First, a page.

attack, obviously waged on a national sort of -- governmental, of huge
symbolic importance, the target.

But, again, anyone can do it. That`s what worries me and that`s what
worries I think most counterterrorism officials and national security

MATTHEWS: So one guy with a rifle walks into the -- goes after war
memorial and shoots a soldier who is on duty

WEISS: Or not even that, Chris.

Any -- a farmhouse, a school, any kind of remote location which, of
course, will become the subject of international attention, right? Killing
a bunch of people or holding them hostage, that`s the kind of propaganda
that a group like ISIS would look to engender.

MATTHEWS: Well, there is something about listening to the sound of
that hallway there, the tile floor as they`re racing down, and the sound of
bullets were echoing through that chamber, which grabs you as very iconic.

Anyway, as you mentioned, Michael, Former CIA Director Mike Morell
told CBS News in August that -- quote -- "If an ISIS member showed up at a
mall in the United States tomorrow with an AK-47 and killed a number of
Americans, I would not be surprised."

And Eric Holder offered this sobering warning over the summer.


ERIC HOLDER, U.S. ATTORNEY GENERAL: These lone wolves, these
homegrown violent extremists are people who keep me up at night as well,
trying to monitor them, trying to anticipate what it is that they are going
to do. And the experience that we had in Boston is instructive. It only
takes one or two people to really do something horrific.


MATTHEWS: I want to go back to Clint and then I will get back to
Michael and Pete as well as we finish up this segment.

This notion -- and I was quoting from "Seven Pillars of Wisdom" about
terrorism in the Arab revolt against the Ottoman Empire -- where all it
took was somebody a rifle willing to die, to risk their lives, and of
course maybe give their lives. You can blow up trains. You can do it.
You get some dynamite and blow up trains.

Where`s the risk? And then it seems to me that if people are willing
to give their lives in this zealous religious crusade of theirs, how do you
stop them as a law enforcement official?

VAN ZANDT: Well, what changes the equation is that most of us want to

If in fact you want to die, then that changes everything. Look,
Chris, you and I and Pete and -- we all lived through the D.C. sniper. We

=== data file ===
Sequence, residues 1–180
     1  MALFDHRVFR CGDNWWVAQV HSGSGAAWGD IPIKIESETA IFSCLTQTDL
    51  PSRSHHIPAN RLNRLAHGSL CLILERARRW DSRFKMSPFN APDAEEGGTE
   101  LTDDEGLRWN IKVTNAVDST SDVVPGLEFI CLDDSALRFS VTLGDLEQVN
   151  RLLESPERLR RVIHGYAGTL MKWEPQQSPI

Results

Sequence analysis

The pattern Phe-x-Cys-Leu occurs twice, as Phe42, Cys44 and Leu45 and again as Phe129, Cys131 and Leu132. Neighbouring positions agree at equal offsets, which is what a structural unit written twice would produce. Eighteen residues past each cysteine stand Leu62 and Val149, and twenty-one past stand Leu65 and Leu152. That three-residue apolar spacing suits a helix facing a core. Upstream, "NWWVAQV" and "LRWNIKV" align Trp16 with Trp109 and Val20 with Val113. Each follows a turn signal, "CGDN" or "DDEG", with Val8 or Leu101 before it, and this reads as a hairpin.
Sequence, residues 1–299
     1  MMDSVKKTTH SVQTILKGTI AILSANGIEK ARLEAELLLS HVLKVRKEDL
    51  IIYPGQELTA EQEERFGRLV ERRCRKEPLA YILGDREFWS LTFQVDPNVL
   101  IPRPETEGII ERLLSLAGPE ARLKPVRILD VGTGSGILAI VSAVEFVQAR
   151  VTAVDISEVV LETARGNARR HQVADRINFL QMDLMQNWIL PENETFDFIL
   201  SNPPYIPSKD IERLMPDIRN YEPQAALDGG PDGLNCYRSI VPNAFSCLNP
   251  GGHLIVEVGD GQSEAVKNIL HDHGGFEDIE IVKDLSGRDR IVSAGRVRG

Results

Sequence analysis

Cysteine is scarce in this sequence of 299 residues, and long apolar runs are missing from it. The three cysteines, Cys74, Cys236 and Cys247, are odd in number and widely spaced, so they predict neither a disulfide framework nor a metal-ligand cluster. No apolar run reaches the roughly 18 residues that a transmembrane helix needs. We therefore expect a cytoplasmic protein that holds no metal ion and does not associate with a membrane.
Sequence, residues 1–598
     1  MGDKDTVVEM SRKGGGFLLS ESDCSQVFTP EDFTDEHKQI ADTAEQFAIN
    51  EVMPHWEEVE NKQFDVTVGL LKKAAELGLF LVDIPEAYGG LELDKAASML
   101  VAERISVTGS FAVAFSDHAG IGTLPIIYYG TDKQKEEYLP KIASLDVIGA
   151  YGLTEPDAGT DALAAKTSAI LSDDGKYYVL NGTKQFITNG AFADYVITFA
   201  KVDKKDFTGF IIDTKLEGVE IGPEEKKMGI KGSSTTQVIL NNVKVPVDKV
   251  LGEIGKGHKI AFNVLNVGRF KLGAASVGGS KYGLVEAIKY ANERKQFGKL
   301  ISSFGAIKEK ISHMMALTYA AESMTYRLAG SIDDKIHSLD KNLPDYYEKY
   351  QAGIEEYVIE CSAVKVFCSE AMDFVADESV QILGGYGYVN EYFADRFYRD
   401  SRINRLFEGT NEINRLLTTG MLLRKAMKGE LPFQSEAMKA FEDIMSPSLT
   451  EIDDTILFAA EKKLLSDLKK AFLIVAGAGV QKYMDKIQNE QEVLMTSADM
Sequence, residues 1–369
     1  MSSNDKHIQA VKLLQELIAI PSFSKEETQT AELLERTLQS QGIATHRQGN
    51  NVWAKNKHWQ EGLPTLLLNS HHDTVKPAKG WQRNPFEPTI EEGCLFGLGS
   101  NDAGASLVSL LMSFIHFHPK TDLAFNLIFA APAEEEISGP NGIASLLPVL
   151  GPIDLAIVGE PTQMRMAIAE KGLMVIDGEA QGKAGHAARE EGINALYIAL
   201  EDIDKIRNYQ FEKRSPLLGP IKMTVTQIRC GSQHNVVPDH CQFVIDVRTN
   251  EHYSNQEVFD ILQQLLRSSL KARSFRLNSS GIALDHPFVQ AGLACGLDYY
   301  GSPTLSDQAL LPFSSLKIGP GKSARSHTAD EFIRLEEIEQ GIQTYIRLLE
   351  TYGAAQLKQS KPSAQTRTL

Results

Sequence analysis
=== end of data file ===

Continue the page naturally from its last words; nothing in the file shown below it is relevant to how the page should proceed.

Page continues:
had two guys, a $300 rifle, a $20 box of bullets and a 15-year-old Chevy
Caprice and that locked up the entire D.C. area for a month-and-a-half.

What if you take that two or three or four times between Thanksgiving
and Christmas in the United States at different locations? That would be
ISIS` dream.

MATTHEWS: And do you think because Christmastime is coming, when
people are packed into malls, packed into downtown areas, outlets,
everywhere you can think of, even at movie theaters -- they`re certainly
walking up and down Fifth Avenue in New York looking in the windows.

Is this a time that they`re going to strike, Cliff?

VAN ZANDT: Every year between Thanksgiving and Christmas scares the
hell out of me, Chris.

Because the bottom line is, a lot of retailers make 50 percent of
their money during that time period. If we had a terrorist group or
multiple lone wolves got together and said, let`s hit three or four
shopping malls simultaneously at the start of the shopping season, what
would that do to our economy?

MATTHEWS: Well, I know Pete is thinking about it.

WILLIAMS: Well, and of course that`s why you have heard the
government in recent days appeal for the public to give them tips. And you
saw the FBI put this video on not too long ago of an unknown person in an
ISIS recruiting video and said, if you know who this is, tell us. He had a
mask on.


MATTHEWS: With a North American accent.

WILLIAMS: That`s right. And then they said, but if you know of
anybody else who is doing anything unusual, tell us. Public tips are so

You saw that just most recently in this case of the Colorado girls.
Now, it doesn`t appear that they were steely-eyed Islamic zealots. They